One of the earliest examples is the Greek myth of King Midas. Everything he touched turned to gold. When he tried eating and drinking, he discovered the downside. (This also qualifies as No Good Deed Goes Unpunished and Be Careful What You Wish For, as his golden touch was a wish granted by the god Dionysius as a reward for the hospitality Midas had shown to his friend and tutor Silenus. In Dionysius' defense he did try to warn him what a stupid wish it was.)
Nathaniel Hawthorne's version of the story in A Wonder-Book for Girls and Boys (1852) has Midas embracing his daughter and turning her into a gold statue.
He then proceeds to answer his phone, turning it into Skittles, then hits the desk in frustration, with predictable results.
There was also a children's book that referenced this, The Chocolate Touch, by Patrick Skene Catling (the main character's family name was Midas to complete the reference); the main character, a kid, got a coin from a mysterious shop that gave him the ability to turn everything that touched his lips to chocolate, and for some Fridge Horror, the cover of the book has the kid kissing his mother on the cheek, and you can see that she's turned into chocolate from the head down to around her shoulders.
The song King Midas In Reverse was written by someone who didn't understand the Midas myth and all its implications; the song is about somebody whose touch turns things to dust. The writer failed to realise that turning things to gold at a touch is just as bad; how would such a person eat or drink?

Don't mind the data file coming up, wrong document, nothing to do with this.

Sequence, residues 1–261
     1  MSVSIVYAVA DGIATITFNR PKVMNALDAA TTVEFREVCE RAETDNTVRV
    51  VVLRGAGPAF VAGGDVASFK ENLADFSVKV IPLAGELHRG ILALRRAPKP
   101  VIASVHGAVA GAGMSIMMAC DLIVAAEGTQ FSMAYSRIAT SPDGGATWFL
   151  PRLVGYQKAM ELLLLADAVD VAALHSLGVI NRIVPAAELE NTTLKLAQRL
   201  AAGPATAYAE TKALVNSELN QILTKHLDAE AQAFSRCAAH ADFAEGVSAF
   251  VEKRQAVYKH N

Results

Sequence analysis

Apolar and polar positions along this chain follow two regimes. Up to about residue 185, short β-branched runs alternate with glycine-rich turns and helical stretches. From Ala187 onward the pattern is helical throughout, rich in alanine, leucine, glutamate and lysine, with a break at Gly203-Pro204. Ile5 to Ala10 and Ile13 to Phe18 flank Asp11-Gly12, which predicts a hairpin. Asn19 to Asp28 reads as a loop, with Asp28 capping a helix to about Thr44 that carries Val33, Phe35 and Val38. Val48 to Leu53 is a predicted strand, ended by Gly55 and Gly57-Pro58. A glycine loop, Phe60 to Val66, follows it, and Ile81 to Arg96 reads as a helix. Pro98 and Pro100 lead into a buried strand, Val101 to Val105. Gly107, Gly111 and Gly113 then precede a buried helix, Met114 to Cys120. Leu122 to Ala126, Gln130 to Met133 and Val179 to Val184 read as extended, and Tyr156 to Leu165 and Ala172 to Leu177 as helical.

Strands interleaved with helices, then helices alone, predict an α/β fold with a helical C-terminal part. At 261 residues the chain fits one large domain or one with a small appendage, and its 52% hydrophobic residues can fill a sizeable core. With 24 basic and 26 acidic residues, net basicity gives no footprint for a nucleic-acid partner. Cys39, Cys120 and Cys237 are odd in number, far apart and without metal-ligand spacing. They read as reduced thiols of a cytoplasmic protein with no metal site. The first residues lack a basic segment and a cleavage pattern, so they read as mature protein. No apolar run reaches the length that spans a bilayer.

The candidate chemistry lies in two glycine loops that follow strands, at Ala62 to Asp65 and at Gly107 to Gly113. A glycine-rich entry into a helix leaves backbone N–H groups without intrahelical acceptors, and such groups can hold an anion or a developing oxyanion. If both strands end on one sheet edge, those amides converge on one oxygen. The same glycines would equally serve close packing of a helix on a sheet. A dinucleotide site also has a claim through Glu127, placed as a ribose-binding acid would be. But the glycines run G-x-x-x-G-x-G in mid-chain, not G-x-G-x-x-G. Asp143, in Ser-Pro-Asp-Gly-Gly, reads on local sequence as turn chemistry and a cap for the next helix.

Varied by singer/songwriter Lloyd Cole in the lyrics of "Perfect Blue": "Whatever I touch turns blue..." note "blue" as in "depressive, melancholic..."
Cassandra got the power of prophecy as a gift from Apollo... but when she spurned him, he declared that — though she was always right — no one would ever believe her.
Eos, a Greek nymph, gifted her lover Tithonus with eternal life but not eternal youth. She meant for him to have youth, but somewhere in the fine print that got left out.
Sir Gawain's strength increases with the sun, making him nigh invincible about noon. Unfortunately, it also decreases with the sun, leaving him sapped of energy later in the afternoon and unable to work nights.
Prometheus was immortal, which was cool until the whole eagle-eating-out-his-liver-daily thing. Eventually, Hercules did pass by and unchain him though.
More dramatically, Prometheus's gift of fire to man was this, as well. Previously, man lived in an idyllic-but-primitive state, part of the gods' attempt to make sure that this time they wouldn't kill each other. While the fire from Olympus did inspire and elevate them, it also created violence and led all the social problems of the world.
According to some versions, Pandora being presented to mankind by the gods after the fire was stolen, and then her opening the stupid box/jar, led to the problems of the world. Can also be a case of lousy blessing in that Pandora was gifted by all the gods to be the perfect womannote Greek style -then Zeus blessed her with endless curiosity, without the brains or common sense to restrain or direct it.
Chiron was also immortal, which was fine until he was accidentally shot with a poisoned arrow. He was left in burning unending pain until he sacrificed his immortality to allow Prometheus to go free (if he hadn't not even Hercules could have freed Prometheus).
Servants in the Muslim paradise are said to be "boys blessed with eternal youth". Imagine being twelve or thirteen years old forever, eternally waiting on martyrs with dozens of virgins each, whom they are not expected to share with the help. Those boys' wanking arms are going to be really tired after a century or two!
That's not the worst of it. Muslim tradition is somewhat sexist, so the standards are likely substantially higher for women to get into paradise than men. These Muslim martyrs promised virgin women? What ifthey aren't?